Newark Charter School in Newark, Delaware needed our help to create a Beast Transformation effect for its February, 2016 production of Disney's Beauty and the Beast. The effect had to be cost-effective, easily performed by cast with no prior magical illusion experience, and most of all, convincing to the audience. It also had to fit into the overall set design for their production of Beauty and the Beast.
We relied on our magic consulting background to devise an illusion for transformation of the Beast back into the Prince. The images below show the transformation area in context of the overall castle set. The set consists of a library area on the audience left side, a grand entryway in the center, and a transformation area on the right.
The trap door is a 2 foot high by 3 foot wide hole in the wall, covered by a door of the same size. It is hinged at the top in back so it opens back and up. Seams are disguised by gluing narrow strips of GORE-TEX® fabric that cover the trap door seams and a thin and durable, enabling the stone wall to be painted over them in a way that the seams are invisible, even from close up.
To motivate covering the Beast, we had Belle notice he was shivering on the ground after he had been mortally wounded by Gaston. The tapestry was present on the wall throughout the show, so it was quite natural for Belle to pull it down to cover him. Belle needs to buy a little time for the switch of the Beast Double to exit through the trap and the Prince to enter, which she gains by shaking and spreading out the cloth. With even more rehearsal time, this switch can be very fast. In this performance it was still very quick, and the audience reaction was gratifying.
Once the Beast (really the Prince) is covered, it is a matter of making the revelation as surprising and magical as possible. We chose to use a well-known, one-person levitation. Here's a fun, how-to video made by a young magician we found in a quick YouTube search. The Beast rises once a little bit like his body is trying to escape its earthly bounds, goes back down, and then rises much higher. At the peak of the rise and with the music in crescendo, the actor pivots and whips the cloth off while simultaneous removing and wrapping within the cloth the partial Beast mask he was wearing that sold the initial presence of the Beast under the cloth after the switch had been made.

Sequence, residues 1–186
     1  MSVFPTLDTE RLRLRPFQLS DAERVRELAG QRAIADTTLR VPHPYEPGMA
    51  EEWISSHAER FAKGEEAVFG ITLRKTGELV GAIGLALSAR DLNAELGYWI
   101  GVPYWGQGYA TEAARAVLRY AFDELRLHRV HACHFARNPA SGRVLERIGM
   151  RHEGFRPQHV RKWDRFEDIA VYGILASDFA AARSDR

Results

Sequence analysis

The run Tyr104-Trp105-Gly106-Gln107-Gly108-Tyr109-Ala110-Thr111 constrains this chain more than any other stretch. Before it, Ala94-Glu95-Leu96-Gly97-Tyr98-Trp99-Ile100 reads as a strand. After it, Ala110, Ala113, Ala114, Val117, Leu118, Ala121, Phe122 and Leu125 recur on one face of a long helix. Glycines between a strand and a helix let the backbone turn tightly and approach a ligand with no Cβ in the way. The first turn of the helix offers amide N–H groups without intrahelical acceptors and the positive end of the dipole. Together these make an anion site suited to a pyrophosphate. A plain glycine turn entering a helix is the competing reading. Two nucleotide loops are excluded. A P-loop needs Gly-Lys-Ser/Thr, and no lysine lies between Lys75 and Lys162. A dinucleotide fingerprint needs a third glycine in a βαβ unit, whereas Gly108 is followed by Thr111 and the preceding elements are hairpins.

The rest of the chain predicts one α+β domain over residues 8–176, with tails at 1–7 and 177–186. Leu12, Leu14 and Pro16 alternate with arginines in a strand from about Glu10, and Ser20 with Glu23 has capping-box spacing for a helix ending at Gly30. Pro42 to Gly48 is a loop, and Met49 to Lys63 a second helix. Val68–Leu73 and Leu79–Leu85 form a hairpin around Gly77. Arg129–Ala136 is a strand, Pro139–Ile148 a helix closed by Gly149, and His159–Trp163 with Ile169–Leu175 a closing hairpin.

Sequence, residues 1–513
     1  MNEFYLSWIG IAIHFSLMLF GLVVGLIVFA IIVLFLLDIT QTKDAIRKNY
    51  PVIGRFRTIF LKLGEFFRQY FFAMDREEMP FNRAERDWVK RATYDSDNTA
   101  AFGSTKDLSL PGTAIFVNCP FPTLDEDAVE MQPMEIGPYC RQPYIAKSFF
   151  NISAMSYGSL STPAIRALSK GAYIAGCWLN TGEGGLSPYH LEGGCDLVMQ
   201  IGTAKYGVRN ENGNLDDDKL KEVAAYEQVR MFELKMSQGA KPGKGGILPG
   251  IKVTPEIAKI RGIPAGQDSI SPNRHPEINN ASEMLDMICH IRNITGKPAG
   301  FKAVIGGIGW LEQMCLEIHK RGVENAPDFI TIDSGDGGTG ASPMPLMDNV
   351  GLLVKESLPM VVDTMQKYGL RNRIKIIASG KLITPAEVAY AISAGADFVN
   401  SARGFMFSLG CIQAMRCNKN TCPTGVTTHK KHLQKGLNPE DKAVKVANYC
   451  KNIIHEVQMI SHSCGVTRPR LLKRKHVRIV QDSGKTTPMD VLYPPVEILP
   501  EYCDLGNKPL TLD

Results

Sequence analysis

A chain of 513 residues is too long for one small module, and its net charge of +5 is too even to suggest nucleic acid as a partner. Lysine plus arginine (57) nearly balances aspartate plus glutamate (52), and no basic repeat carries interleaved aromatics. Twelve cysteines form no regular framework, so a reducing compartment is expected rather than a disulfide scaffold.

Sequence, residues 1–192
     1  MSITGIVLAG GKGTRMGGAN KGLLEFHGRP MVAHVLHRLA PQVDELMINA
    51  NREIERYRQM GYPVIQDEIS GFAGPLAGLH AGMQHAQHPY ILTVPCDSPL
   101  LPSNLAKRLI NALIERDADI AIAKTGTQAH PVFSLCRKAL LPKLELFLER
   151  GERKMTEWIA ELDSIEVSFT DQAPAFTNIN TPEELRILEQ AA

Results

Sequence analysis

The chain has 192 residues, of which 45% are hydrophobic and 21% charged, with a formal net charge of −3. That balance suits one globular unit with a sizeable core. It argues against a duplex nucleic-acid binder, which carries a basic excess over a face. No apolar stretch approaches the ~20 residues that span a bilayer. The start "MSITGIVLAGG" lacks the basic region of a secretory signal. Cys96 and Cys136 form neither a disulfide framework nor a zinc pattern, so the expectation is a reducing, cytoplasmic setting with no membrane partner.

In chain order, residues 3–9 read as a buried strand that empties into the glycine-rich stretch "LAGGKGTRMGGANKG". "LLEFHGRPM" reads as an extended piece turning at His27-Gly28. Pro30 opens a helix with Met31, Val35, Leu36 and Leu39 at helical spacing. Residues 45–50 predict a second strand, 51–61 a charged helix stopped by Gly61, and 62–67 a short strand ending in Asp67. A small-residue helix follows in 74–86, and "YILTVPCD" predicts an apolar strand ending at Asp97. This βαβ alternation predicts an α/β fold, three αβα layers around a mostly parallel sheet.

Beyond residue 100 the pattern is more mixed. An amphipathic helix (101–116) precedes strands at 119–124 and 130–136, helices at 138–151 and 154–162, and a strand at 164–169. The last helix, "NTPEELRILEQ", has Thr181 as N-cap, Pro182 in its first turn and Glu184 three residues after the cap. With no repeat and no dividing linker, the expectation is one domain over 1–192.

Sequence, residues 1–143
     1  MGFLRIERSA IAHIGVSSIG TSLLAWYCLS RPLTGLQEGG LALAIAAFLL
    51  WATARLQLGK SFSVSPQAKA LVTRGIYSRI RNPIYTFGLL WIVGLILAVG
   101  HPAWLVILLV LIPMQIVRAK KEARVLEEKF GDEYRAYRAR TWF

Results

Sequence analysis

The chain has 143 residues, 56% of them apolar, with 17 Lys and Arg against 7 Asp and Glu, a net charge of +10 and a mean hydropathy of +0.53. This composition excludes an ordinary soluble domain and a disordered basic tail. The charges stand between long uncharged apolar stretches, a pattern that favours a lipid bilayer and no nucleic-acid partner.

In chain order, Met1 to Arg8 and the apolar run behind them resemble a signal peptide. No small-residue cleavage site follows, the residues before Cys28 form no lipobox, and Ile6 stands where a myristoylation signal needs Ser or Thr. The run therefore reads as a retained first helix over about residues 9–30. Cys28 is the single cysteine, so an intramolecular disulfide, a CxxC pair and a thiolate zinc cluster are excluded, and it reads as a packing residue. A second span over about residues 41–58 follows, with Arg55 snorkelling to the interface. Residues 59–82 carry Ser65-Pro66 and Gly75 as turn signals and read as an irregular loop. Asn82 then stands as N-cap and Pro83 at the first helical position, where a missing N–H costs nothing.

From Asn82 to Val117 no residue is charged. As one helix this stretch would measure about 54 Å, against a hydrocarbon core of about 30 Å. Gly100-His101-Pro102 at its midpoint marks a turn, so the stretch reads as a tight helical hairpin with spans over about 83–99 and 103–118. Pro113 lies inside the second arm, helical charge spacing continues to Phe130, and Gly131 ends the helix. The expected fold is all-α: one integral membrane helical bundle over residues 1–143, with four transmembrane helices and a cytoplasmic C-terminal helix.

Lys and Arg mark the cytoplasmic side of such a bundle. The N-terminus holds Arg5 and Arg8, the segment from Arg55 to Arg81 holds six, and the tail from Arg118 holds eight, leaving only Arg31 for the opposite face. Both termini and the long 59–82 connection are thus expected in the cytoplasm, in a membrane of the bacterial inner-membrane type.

Here's a talk-thru of our version of the Beast Transformation Illusion from Disney's Beauty and the Beast, as we devised it. Included after a description of the steps to accomplish the switch is a portion of the performance that shows the finished illusion. The Beast is played by Ben Strong. Belle is played by both Lindsay Hawtof and Brooke Chalfont.
We'd be happy to field your questions and offer advice if you are looking for ideas for the Beast Transformation. This was one of the most satisfying illusion projects we have tackled in recent years because once the technical details were worked out, it was straightforward and even fun to construct and coach.
Tom Way is a computer science professor, software engineer and entertainment professional who likes solving problems that challenge, vex or annoy him and others.